Contextual commerce is rapidly evolving, growing both in scale and in scope, growing more common and becoming integrated into more parts of consumers’ routines. One of the common forms coming to the fore is shoppable content. From social media platforms’ shopping tools to retailers’ own shoppable content suites, commerce is gaining a hold on consumers’ digital entertainment and education behaviors.
Among the most fertile ground for these sorts of integrations is recipe content. Today, the amount of time between seeing an ingredient listed in a recipe and purchasing that ingredient is getting shorter and shorter.
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“Recipe content has always been incredibly shoppable,” Jason Young, president of digital shopper marketing platform Chicory, told PYMNTS in an interview. “What’s happening is, we now have the pipes all connected so that you can go very directly from content like recipes into transactional moments. But if you look at recipes historically, they’ve always been a point of inspiration, a point of kicking off the food shopping process.”
The company works with brands and eTailers ranging from General Mills to Amazon and with top publishers to allow consumers to put together grocery orders as they browse. Last month, the company announced a partnership with women’s lifestyle media brand PureWow that expands its reach to tens of millions more readers.
In the past, Amazon has had something of a monopoly on contextual commerce, with Amazon Associates, the eCommerce giant’s affiliate marketing program, being by far the most common shoppable integration. Now, as a range of businesses find alternative ways to integrate commerce into their content, the space is expanding.
“[Amazon] figured out how to play that game well,” said Young. “I think what you’re seeing now — and this is good for the consumer — is that there’s more sophisticated shoppability experience and choice being given to the consumer.”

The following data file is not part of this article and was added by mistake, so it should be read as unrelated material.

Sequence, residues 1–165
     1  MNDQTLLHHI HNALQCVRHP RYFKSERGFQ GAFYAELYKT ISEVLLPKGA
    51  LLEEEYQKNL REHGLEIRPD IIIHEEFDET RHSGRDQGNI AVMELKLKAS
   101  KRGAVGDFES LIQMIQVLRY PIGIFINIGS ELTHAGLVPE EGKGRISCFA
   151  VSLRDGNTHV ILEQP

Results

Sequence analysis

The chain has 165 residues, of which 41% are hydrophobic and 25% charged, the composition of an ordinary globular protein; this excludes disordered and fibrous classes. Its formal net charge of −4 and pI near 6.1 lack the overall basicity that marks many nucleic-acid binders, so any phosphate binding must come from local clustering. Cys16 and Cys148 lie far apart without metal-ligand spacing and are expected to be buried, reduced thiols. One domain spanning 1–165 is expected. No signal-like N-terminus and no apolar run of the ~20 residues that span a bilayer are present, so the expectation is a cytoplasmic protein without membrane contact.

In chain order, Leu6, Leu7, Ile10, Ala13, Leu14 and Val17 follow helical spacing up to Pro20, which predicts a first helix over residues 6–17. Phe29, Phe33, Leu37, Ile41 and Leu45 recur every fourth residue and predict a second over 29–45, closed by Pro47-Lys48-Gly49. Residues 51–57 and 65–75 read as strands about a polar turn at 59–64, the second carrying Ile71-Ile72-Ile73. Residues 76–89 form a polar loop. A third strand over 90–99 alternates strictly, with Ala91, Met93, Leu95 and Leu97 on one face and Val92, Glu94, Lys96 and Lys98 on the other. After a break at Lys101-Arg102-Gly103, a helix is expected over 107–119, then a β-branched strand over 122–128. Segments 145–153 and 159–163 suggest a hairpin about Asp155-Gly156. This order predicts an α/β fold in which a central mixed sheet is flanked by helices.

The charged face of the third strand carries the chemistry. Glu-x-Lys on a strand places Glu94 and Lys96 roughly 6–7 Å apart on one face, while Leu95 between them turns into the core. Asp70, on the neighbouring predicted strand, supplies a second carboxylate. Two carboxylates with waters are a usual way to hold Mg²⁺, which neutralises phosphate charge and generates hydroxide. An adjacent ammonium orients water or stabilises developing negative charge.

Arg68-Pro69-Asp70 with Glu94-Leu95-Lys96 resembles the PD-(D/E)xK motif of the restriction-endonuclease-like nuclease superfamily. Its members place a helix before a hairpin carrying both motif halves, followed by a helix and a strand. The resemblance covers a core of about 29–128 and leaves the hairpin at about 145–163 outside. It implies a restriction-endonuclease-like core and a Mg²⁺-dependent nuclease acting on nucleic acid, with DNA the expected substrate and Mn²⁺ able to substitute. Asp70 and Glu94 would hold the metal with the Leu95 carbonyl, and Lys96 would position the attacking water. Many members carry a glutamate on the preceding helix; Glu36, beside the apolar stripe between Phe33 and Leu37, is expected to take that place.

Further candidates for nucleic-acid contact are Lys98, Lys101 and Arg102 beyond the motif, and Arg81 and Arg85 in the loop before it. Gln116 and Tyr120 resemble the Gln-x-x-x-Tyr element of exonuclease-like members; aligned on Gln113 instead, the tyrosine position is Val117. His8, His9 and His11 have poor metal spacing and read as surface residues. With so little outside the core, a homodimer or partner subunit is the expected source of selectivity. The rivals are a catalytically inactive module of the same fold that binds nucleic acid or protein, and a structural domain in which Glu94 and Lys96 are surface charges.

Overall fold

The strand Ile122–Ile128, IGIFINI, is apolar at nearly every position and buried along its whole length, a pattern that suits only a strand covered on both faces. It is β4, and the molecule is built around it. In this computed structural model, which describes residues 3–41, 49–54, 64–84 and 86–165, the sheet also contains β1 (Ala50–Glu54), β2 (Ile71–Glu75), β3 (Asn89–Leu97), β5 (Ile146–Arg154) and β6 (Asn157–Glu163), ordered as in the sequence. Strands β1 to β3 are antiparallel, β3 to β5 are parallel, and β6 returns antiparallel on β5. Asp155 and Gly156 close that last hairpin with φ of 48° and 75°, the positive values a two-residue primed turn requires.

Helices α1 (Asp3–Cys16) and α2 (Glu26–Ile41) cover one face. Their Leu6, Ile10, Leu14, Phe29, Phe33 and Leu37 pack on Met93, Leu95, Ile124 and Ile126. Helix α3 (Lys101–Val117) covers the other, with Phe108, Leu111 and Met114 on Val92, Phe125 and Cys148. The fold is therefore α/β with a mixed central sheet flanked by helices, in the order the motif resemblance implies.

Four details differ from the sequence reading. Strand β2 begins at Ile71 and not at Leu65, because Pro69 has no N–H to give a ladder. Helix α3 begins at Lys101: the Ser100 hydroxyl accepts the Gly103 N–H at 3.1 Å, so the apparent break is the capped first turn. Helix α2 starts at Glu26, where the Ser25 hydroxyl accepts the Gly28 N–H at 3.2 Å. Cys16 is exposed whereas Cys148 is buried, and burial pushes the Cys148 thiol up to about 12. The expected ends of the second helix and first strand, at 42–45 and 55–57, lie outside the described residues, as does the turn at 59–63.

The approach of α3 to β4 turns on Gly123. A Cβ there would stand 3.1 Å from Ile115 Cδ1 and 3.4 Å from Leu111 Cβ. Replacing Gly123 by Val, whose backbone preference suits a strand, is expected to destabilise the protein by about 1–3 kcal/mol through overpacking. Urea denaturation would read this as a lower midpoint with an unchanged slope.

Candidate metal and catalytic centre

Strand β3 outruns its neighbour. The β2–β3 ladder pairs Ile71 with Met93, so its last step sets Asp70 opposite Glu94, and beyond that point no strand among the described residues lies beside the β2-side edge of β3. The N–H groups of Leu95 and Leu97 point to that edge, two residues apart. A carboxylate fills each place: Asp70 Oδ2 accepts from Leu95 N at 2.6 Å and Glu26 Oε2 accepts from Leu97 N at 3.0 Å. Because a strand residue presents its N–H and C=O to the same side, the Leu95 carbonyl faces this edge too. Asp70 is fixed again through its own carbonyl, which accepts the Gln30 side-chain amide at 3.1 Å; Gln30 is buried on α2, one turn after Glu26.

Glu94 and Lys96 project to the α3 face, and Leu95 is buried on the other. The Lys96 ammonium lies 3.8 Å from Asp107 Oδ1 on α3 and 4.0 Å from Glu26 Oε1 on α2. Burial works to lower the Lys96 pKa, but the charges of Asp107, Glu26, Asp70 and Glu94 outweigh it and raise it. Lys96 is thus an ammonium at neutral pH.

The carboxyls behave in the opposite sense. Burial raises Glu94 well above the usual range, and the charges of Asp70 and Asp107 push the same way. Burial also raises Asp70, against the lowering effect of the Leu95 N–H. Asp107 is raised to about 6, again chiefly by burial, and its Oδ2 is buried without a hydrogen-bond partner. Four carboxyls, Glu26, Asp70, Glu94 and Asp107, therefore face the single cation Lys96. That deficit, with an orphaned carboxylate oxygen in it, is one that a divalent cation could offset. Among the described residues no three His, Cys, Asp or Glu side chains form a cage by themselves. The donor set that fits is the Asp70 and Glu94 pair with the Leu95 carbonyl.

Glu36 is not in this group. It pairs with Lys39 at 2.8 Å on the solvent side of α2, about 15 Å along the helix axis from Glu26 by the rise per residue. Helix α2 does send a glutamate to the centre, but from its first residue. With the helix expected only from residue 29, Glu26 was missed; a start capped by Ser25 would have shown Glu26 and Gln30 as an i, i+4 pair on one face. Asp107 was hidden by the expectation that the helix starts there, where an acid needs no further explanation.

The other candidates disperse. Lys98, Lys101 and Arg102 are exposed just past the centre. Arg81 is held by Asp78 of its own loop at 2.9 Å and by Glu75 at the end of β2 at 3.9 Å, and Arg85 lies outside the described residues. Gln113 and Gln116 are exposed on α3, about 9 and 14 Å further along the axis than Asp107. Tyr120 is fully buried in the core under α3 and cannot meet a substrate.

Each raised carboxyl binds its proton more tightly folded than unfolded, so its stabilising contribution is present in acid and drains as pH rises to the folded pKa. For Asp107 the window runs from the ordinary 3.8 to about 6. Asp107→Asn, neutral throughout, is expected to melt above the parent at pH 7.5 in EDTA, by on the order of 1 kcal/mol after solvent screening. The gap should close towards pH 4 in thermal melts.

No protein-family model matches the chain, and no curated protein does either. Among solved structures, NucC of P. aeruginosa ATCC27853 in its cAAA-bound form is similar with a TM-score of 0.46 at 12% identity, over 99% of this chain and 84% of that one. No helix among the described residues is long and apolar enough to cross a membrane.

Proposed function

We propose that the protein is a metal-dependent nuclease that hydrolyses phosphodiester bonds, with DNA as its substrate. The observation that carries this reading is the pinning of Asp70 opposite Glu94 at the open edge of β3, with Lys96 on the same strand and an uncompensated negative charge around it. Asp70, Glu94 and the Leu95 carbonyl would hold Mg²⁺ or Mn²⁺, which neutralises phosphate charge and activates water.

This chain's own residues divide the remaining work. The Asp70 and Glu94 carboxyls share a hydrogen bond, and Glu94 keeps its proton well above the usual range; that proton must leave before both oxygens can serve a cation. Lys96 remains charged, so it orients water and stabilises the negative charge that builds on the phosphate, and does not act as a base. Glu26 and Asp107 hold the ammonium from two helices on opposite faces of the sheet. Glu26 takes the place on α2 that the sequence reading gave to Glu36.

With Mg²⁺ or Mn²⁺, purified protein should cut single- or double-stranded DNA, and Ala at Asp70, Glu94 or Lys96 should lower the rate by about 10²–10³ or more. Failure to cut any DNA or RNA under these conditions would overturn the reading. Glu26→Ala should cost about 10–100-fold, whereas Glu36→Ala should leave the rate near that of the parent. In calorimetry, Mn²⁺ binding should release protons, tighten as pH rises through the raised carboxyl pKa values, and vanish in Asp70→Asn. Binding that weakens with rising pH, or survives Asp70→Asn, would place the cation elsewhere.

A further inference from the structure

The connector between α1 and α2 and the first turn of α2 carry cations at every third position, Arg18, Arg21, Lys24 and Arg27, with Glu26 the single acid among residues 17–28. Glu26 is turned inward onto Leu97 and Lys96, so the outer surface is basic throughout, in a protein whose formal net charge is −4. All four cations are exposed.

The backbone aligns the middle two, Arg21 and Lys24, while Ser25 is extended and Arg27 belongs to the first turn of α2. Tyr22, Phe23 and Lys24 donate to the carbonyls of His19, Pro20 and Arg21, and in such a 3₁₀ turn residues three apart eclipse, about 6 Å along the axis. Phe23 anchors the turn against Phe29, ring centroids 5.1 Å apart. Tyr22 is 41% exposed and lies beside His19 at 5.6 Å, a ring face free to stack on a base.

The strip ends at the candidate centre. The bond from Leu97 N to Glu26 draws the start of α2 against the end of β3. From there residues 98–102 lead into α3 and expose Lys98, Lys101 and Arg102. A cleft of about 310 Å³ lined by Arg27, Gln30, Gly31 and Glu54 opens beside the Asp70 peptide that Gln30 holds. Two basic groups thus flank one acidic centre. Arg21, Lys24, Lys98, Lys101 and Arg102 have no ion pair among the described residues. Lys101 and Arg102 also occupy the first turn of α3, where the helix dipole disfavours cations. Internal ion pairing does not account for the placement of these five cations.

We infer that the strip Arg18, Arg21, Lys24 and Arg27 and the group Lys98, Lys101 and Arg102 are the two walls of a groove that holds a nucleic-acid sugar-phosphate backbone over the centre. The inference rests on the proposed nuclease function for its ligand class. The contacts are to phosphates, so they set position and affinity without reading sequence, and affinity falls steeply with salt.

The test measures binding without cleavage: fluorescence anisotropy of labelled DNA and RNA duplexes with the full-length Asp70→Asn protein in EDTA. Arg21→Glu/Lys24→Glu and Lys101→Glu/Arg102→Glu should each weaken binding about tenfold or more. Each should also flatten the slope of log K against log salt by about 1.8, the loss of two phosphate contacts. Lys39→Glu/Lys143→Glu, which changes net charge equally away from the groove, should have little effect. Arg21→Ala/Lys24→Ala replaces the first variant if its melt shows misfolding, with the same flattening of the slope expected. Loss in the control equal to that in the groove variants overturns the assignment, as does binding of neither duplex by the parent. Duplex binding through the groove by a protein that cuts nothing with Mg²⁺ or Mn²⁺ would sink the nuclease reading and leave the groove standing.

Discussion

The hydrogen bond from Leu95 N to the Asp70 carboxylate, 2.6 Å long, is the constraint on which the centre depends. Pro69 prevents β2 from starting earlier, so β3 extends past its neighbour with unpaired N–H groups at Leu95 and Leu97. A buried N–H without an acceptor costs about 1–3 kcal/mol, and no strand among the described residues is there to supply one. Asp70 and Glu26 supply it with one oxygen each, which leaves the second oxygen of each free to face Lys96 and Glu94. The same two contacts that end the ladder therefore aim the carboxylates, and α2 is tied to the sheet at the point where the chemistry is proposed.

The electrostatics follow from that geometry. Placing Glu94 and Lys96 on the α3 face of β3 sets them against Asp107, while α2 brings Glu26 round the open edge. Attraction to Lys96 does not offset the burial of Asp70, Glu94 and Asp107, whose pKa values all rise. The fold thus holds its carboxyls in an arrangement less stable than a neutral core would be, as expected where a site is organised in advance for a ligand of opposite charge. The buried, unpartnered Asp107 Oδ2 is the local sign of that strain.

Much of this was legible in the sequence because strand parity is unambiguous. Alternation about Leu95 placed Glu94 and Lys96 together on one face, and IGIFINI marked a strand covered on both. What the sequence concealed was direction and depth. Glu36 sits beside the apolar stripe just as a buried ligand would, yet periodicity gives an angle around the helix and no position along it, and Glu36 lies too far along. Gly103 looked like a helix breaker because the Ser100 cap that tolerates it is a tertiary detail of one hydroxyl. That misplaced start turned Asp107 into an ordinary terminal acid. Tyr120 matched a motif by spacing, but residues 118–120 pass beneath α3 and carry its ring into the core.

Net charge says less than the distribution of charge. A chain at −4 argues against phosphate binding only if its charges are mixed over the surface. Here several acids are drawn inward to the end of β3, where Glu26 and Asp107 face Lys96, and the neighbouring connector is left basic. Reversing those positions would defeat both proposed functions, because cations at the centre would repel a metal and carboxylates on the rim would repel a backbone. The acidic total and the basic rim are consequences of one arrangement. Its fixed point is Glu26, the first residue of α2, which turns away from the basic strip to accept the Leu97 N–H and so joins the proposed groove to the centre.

He added that, rather than being restricted to Amazon’s offerings, consumers can now “choose the retailer that’s most relevant to them,” whether that means choosing their favorite retailer or choosing the one closest to them for buy online, pick up in-store (BOPIS).
These integrations not only allow retailers to make the sale as soon as the desire emerges, when it is most relevant, but also to integrate their offerings into more of consumers’ digital experiences, which is key to building relationships with consumers in today’s connected economy.
Young reflected that shoppable content has “really jumped forward,” an acceleration enabled by two main factors. The first is the “continued proliferation of eCommerce as a viable source of transactions in the grocery category.” He noted that, with the rise in online grocery occasioned by pandemic lockdowns and social distancing, the audience for grocery integrations has grown. Second, he cited the rise of companies like Chicory that have the technology to meet this growing demand.
Pulling Ahead With Centrality And Accuracy
Young noted that, in the past, the United States has been far from a leader in eCommerce integrations.
“There are other markets globally where contextual shoppability is more of a core part of how products are bought and sold real-time through marketplaces,” he said, adding, however, that the U.S. is quickly catching up.
He added that these integrations have seen the most success on platforms in which the publisher has made contextual commerce “a core part of [their] value proposition to [their] readers.” He added that the leaders in the space are those that are “leaning in most aggressively,” looking to make their entire content suite shoppable rather than tacking shoppable features on to a handful of stories.
The other feature, an admittedly unglamorous one, that sets top performing shoppable content apart from the rest is accuracy — sending readers to the correct products to avoid the “horrible experience” shoppers have when they are misdirected, discouraging purchases and future engagement.
Realizing The Vision Of The Internet
Young argues that these contextual commerce integrations are the fulfillment of the promise from the early days of the web of what the internet could be.
“Content leading to commerce was always the vision of digital publishing and digital media, of the internet as a whole,” he said, noting that it took “25 years to get to the reality.”
Looking ahead to the future, Young believes contextual commerce will grow to ubiquity. He pointed out that it is already “being brought into walled gardens,” with shoppable features being added to social media platforms including Pinterest, Instagram, and TikTok.
He believes that the next categories to follow in the footsteps of recipes might be “health and beauty or technology or home improvement/do-it-yourself,” with all of these forms of content presenting very straightforward opportunities to build in shoppable moments.
“I think about the day where every contextual commerce content moment is shoppable, where every consumer is given a true frictionless, multi-option path to purchase,” he said. “That’s what I fully expect to happen in the next three- to five-year period.”